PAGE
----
The move follows a request from the European Commission (EC) to correct exposure estimates for glycosides added to non-alcoholic flavoured drinks for children after EFSA's Unit on Food Additives and Nutrient Sources (ANS Panel) added to Food expressed concern at potentially excessive intake levels.
As a result the ANS Panel has now published reduced usage levels in 16 foods by a factor of 1.5 to 3, with no changes for 12 food groups. 15 other foods were removed altogether, mainly under the category of ‘desserts and other products’.
However, three new food uses were included in the revised assessment – suggesting some novel uses for stevia in foodstuffs when EU approval is granted. These include smoked, dried, fermented and/or salted fish and fish products using molluscs, crustaceans and echinoderms and soybean sauce.
Tabletop sweeteners, a more obvious application for steviol glycosides, comprise the third new category, and EFSA said it now anticipates that such products will contribute more than 10% of the UK’s adult population's overall exposure to steviol glycosides.
Concerns over consumption levels
Mean anticipated dietary exposure to steviol glycosides in European children aged 1-14 years decided on April 14 2010 (based on ADI or acceptable daily intake) ranged from 0.4 to 6.4mg/kg by weight per day as a mean exposure value, and from 1.7 to 16.3mg/kg at the 95th percentile.
But deciding these limits and declaring steviol glycosides safe, EFSA’s ANS Panel expressed concerns at the time that both children and adults would exceed the established ADI levels, and following Member State consultation industrial applicants recently submitted additional data addressing the panel’s safety concerns.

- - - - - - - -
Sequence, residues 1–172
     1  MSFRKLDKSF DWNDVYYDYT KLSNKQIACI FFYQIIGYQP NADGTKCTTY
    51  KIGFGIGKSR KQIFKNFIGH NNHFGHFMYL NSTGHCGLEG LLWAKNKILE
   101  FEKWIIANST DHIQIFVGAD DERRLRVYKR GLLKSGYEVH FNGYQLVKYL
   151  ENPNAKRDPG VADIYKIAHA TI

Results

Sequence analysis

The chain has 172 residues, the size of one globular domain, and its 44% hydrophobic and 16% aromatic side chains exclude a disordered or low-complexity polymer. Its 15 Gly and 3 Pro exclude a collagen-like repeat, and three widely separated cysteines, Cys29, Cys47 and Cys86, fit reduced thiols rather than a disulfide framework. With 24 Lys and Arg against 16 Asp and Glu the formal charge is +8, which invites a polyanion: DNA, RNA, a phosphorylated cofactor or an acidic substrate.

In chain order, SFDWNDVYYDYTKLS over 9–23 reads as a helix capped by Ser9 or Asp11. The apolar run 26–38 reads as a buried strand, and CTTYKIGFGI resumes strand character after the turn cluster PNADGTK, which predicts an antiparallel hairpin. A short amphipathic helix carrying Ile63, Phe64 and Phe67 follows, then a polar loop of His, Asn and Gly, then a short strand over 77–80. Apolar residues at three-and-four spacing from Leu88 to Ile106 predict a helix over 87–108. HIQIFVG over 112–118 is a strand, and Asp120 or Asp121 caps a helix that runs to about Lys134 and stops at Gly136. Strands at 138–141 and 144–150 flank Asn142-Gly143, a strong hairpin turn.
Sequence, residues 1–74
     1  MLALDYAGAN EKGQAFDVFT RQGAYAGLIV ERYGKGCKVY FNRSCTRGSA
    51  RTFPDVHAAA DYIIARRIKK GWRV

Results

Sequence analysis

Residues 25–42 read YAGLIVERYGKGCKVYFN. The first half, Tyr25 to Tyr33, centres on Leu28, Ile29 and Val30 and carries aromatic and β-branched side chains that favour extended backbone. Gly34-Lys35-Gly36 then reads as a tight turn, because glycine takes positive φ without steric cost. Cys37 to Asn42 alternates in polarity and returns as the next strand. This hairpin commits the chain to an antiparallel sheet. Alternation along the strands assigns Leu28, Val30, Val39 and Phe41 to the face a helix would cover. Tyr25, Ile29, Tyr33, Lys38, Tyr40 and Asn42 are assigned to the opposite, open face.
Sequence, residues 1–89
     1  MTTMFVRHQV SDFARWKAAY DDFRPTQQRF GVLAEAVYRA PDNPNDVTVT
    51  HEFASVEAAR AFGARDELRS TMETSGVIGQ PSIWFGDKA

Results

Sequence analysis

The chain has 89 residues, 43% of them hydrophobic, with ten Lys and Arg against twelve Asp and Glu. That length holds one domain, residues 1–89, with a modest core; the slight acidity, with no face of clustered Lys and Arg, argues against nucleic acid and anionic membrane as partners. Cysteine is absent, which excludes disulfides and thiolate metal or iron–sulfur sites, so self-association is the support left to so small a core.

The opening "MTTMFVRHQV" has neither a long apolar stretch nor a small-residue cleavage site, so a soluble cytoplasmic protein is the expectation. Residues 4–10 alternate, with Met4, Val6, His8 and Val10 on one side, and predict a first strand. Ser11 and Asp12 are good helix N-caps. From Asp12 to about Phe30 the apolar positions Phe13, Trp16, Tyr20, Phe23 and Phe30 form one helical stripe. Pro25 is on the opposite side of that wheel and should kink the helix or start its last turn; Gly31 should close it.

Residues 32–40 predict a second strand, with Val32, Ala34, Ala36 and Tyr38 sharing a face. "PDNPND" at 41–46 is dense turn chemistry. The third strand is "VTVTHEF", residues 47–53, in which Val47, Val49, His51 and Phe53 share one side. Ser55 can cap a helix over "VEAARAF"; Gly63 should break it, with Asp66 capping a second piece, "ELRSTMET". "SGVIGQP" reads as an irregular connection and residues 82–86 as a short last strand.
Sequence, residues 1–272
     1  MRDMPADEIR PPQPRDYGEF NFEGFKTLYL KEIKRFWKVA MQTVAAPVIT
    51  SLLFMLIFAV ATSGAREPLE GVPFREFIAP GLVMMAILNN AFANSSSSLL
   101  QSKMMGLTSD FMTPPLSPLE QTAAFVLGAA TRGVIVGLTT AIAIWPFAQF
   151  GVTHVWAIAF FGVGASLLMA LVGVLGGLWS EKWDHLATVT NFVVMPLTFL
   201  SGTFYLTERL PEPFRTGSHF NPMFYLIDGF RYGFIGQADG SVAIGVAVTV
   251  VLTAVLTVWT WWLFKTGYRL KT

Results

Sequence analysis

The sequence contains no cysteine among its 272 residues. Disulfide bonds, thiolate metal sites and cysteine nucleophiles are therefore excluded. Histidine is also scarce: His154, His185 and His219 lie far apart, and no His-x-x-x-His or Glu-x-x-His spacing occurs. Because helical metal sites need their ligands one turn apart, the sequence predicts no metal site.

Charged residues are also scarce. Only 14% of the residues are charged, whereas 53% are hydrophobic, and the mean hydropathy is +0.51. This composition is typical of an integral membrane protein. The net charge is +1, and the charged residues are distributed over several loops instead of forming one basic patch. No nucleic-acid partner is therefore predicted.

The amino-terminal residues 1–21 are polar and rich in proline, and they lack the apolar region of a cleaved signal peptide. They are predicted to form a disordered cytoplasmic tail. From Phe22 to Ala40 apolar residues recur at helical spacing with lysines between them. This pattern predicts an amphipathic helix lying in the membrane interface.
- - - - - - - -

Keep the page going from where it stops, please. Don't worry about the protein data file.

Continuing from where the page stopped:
Corrected exposure estimates now ranges from 1 to 12.7mg/kg for children at high intake levels, while adults estimates now stands at 1.9-2.3mg/kg by weight per day (previously 2.2mg to 2.7mg/kg) with high level exposures calculated at 5.6-6.8mg/kg.
EFSA said it used several food consumption databases to arrive at its assessments, including EXPOCHI (which networks food consumption databases on a European level) and the UK NDNS (National Diet and Nutrition Survey) data for children (1995), while adult data was drawn wholly from UK's NDNS survey published in 2002.
Authorisation not pursued
Given the revised assessment, EFSA predicts that the main contributors of steviol glycosides within the adult diet will be non-alcoholic flavoured drinks (also the leading category for children along with desserts including flavoured milk products) tabletop sweeteners, beer and cider.
Intriguingly, EFSA’s decision showed a number of categories where proposed usage levels are described as ‘category removed’, which include mustard, vegetable-, egg-, fat- and cereal-based desserts, prepacked stacks such as savoury starch products and dried nuts, starch-based confectionery and (beverage-wise) cider and perry.
An EFSA spokeswoman confirmed to FoodNavigator.com that this was due to industrial players not pursuing licensing applications for specific products using steviol glycosides, meaning that they will not appear in the near future.
“These applicants were seeking authorisation on usage levels a couple of months ago, but have now withdrawn the relevant applications,” she said.